To celebrate me getting kicked out of my apartment by my neurotic man hating roommate/land lord, I'm writing about The Lodger. Which is close to my favorite Hitchcock film.

Though some folks are in denial, I think anyone with a bit of common sense can see that Hitchcock made better films in England than he did in America. The reason for this might not be because he was in England, but might be because he was more keen to break the rules when he was in England, which was largely in the beginning and the end of his career (which is part of the reason Psycho is so good, it was done "indie"). One of the things that is so amazing about The Lodger is that it shows a lot of the talent that Hitchcock was not using in his later films, particularly the talent for visual narratives and stylization.

I guess what both those things are shorthand for is that the film is amazingly visually compelling, which on the whole I don't think that Hitchcock films are (they are narratively compelling, and he's about the best person in the history of the world next to D.W. Griffith at telling a story with film... and he's a much more likable person than Griffith). The film centers on a extremely handsome man who "comes out of the London fog" looking for a room, the catch is that there is a mass murderer on the loose, and men who are that sexy must be slightly dangerous (or so the police inspector thinks, who's dating the daughter of the family the lodger stays with).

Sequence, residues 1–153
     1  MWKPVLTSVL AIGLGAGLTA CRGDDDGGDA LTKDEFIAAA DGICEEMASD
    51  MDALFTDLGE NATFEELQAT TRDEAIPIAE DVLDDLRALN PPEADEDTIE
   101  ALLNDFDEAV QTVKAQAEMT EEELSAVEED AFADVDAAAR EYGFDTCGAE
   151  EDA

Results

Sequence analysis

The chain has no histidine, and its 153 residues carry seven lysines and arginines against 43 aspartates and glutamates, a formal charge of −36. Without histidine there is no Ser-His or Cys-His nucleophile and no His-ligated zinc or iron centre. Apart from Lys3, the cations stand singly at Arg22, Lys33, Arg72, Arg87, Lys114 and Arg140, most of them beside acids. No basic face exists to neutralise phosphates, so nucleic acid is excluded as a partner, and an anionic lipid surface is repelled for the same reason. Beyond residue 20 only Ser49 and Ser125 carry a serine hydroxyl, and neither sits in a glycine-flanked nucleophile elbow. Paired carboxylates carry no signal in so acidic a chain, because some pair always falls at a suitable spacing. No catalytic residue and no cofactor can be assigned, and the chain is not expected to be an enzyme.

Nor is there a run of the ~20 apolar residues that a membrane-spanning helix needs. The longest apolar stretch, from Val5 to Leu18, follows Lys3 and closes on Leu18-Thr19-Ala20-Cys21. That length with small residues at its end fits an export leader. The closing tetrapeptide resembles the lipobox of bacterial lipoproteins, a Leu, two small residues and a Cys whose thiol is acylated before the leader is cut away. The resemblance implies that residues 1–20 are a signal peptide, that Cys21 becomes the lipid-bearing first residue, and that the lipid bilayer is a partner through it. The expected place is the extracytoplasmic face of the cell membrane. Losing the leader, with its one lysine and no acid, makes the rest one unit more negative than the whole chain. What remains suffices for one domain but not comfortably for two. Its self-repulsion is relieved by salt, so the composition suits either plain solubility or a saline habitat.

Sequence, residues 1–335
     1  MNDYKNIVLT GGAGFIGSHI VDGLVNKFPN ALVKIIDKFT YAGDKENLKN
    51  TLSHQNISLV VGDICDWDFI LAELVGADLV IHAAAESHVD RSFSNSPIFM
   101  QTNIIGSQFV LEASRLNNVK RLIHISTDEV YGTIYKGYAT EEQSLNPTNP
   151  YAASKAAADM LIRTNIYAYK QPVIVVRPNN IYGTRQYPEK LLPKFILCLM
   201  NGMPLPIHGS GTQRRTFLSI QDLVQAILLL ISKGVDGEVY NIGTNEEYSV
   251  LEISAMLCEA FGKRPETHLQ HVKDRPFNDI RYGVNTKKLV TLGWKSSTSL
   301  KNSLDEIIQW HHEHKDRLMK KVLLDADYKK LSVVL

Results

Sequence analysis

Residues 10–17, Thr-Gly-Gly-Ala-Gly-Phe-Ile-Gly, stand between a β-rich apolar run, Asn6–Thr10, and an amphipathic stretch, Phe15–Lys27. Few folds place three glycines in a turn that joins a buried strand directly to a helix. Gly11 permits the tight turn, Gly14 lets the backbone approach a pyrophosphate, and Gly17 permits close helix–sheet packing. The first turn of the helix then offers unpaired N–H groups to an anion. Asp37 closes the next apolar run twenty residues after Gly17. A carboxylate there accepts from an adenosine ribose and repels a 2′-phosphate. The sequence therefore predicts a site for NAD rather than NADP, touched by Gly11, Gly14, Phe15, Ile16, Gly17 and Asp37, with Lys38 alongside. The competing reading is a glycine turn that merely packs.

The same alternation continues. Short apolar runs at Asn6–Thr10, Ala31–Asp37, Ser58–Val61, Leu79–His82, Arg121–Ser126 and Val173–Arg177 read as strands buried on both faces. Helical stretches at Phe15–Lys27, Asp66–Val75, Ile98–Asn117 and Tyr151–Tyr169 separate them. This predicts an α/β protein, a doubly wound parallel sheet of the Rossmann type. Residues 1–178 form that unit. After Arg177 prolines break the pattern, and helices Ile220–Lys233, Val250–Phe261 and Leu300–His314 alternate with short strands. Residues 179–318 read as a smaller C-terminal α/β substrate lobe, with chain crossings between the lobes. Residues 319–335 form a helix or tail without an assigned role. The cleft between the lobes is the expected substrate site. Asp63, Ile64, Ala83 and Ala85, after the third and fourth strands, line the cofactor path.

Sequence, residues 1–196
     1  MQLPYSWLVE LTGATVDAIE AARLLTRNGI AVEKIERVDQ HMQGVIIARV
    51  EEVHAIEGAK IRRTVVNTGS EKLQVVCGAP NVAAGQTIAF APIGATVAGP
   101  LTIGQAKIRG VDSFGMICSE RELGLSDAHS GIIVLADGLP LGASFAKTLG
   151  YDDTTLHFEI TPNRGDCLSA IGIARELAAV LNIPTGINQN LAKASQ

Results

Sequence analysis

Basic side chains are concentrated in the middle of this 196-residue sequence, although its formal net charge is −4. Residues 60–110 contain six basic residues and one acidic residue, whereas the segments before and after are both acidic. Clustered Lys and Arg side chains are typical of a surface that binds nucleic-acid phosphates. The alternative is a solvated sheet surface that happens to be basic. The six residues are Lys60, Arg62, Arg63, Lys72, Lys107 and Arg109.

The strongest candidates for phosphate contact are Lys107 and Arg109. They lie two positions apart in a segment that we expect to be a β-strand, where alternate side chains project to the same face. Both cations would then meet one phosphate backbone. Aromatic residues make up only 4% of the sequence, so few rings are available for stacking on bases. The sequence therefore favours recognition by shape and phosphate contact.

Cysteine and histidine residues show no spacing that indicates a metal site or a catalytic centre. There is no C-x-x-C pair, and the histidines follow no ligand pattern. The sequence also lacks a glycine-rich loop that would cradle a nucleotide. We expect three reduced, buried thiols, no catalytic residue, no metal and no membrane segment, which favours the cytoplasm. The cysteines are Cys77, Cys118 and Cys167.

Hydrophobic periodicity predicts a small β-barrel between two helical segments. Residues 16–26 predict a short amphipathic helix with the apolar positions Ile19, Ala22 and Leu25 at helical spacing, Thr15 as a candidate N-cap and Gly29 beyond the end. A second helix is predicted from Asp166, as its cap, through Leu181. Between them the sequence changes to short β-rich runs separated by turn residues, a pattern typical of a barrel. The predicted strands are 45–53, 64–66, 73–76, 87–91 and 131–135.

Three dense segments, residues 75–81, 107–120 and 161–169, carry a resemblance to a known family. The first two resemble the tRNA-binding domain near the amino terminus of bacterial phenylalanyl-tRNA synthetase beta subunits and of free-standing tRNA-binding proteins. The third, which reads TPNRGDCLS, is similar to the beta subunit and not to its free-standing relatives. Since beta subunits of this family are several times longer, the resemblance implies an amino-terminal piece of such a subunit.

Ivor Novello is great, he has that brooding sexy look that really all men should have when its dark and foggy, and they are always accentuated well by pretty girls in one of those 20s skirts that occasionally make my heart skip a beat. What's really great in the film is the lighting, and just the overall atmosphere of the film. There are few of the chatty people that add that creepy light-heartedness of Hitchcock's sound films (I don't mean that in a bad way, I'm pretty sure Hitchcock meant the light-heartedness to be creepy, he often put his daughter in those roles). This film does all it can to accentuate the danger of the situation, and in doing-so accentuate the sexiness of the main character.

The film really isn't about murder at all, its a star vehicle, and because of that the true purpose of the film is to accentuate Novello's appeal. It uses the threat of a mass murderer to this end... because the consciousness of death always makes one strangely aware of the presence of beauty.

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